Efficiency Near the Edge: Increasing the Energy Efficiency of FFTs on GPUs for Real-time Edge Computing

09/13/2020 ∙ by Karel Adámek, et al. ∙ 0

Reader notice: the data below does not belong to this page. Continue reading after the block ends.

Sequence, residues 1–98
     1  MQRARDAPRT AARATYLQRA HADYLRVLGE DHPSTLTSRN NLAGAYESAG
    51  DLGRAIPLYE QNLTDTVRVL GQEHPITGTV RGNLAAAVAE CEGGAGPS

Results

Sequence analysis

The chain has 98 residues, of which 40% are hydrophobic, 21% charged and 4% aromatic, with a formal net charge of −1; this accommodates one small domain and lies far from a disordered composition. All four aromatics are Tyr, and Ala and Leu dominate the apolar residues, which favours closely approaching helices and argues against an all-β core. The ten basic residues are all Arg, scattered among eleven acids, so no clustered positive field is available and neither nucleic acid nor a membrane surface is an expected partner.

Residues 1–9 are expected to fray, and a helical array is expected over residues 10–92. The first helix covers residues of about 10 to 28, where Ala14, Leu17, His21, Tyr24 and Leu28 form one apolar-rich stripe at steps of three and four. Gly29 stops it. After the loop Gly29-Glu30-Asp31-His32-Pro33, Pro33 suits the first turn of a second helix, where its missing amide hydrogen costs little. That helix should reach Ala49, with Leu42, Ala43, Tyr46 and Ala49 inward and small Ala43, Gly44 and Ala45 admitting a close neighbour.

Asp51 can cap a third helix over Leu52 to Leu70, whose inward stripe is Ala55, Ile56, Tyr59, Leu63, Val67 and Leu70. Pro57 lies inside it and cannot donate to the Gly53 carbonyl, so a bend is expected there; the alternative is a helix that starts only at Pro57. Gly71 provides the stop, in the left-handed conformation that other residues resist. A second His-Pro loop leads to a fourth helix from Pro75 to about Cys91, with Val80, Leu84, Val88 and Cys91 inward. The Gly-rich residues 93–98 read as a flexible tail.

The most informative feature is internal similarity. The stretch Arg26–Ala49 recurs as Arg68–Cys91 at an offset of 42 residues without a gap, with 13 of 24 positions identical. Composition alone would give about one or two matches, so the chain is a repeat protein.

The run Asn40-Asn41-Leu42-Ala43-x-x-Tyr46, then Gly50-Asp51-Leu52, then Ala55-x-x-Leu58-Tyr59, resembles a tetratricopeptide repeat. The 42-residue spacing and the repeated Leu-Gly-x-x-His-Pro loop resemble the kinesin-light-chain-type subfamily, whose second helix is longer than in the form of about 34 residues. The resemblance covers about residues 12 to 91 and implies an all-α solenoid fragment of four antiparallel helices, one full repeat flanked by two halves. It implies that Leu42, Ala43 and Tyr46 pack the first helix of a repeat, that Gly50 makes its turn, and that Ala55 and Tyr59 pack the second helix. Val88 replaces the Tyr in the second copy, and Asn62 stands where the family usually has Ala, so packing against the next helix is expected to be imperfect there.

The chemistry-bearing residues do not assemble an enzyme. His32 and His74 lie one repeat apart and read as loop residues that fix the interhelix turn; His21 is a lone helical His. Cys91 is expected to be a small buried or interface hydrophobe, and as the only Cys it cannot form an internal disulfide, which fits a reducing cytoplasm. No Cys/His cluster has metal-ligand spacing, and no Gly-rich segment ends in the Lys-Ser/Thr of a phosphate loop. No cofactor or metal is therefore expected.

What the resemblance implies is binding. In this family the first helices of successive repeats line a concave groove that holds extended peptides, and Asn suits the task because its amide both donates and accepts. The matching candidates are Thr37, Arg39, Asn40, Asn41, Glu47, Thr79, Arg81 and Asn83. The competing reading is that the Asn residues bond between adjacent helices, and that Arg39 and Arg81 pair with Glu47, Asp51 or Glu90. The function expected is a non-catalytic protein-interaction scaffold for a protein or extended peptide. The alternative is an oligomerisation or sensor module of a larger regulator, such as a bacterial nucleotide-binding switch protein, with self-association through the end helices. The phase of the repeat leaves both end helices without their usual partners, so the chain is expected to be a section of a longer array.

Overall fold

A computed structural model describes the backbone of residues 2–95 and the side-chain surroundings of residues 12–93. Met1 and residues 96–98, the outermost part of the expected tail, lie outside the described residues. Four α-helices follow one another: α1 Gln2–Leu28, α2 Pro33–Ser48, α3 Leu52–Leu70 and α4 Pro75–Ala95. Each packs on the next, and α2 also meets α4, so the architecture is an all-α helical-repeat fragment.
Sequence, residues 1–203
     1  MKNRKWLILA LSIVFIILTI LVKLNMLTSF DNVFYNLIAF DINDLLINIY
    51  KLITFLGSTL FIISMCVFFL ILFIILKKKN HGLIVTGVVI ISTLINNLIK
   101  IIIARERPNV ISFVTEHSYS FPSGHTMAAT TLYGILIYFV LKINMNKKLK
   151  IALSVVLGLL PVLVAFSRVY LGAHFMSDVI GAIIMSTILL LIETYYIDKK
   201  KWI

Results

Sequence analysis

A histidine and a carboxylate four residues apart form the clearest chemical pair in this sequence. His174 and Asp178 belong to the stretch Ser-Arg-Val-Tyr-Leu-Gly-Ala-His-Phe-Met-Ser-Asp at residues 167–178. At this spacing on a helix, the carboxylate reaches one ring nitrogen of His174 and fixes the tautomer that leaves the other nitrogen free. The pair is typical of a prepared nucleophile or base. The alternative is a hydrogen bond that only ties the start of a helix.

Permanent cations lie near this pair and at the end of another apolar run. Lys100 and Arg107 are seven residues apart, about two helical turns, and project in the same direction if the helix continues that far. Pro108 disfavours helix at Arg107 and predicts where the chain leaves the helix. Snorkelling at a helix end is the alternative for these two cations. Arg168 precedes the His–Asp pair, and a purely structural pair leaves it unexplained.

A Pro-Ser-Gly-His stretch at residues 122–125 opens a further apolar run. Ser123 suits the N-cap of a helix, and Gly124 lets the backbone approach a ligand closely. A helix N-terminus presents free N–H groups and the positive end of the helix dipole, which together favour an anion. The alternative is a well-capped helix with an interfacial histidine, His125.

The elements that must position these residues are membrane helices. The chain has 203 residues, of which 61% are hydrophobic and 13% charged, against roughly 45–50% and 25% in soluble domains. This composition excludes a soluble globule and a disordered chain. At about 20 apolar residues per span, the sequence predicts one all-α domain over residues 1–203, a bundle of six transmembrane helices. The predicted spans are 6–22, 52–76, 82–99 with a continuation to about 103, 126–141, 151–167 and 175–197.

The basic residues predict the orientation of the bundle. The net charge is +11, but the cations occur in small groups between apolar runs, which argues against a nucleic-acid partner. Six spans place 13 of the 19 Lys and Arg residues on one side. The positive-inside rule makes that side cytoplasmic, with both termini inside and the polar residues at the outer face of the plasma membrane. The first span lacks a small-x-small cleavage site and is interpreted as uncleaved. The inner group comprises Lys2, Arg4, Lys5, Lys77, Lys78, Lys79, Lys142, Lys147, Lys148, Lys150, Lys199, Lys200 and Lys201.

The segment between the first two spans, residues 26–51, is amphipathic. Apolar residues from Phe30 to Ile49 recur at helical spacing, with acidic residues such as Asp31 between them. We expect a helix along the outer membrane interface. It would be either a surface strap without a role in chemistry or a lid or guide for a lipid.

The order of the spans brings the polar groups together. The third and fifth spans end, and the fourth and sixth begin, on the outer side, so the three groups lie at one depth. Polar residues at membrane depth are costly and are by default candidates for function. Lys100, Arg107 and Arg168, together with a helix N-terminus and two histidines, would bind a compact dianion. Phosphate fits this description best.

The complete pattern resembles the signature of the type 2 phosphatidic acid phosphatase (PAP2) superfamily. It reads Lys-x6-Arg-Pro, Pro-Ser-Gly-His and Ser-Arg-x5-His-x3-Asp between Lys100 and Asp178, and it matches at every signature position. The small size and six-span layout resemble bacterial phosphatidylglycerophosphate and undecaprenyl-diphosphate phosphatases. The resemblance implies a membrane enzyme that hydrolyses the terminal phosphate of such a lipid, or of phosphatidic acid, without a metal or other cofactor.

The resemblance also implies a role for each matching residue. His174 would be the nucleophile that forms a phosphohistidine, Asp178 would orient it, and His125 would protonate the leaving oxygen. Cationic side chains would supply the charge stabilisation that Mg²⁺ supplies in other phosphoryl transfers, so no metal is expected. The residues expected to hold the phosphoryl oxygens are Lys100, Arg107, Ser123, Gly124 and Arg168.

The Square Kilometre Array (SKA) is an international initiative for developing the world's largest radio telescope with a total collecting area of over a million square meters. The scale of the operation, combined with the remote location of the telescope, requires the use of energy-efficient computational algorithms. This, along with the extreme data rates that will be produced by the SKA and the requirement for a real-time observing capability, necessitates in-situ data processing in an edge style computing solution. More generally, energy efficiency in the modern computing landscape is becoming of paramount concern. Whether it be the power budget that can limit some of the world's largest supercomputers, or the limited power available to the smallest Internet-of-Things devices. In this paper, we study the impact of hardware frequency scaling on the energy consumption and execution time of the Fast Fourier Transform (FFT) on NVIDIA GPUs using the cuFFT library. The FFT is used in many areas of science and it is one of the key algorithms used in radio astronomy data processing pipelines. Through the use of frequency scaling, we show that we can lower the power consumption of the NVIDIA V100 GPU when computing the FFT by up to 60 than a 10 clock frequency for all tested FFT lengths, we show on average a 50 in power consumption compared to the boost core clock frequency with an increase in the execution time still below 10 results can be used to lower the power consumption of existing data processing pipelines. These savings, when considered over years of operation, can yield significant financial savings, but can also lead to a significant reduction of greenhouse gas emissions.



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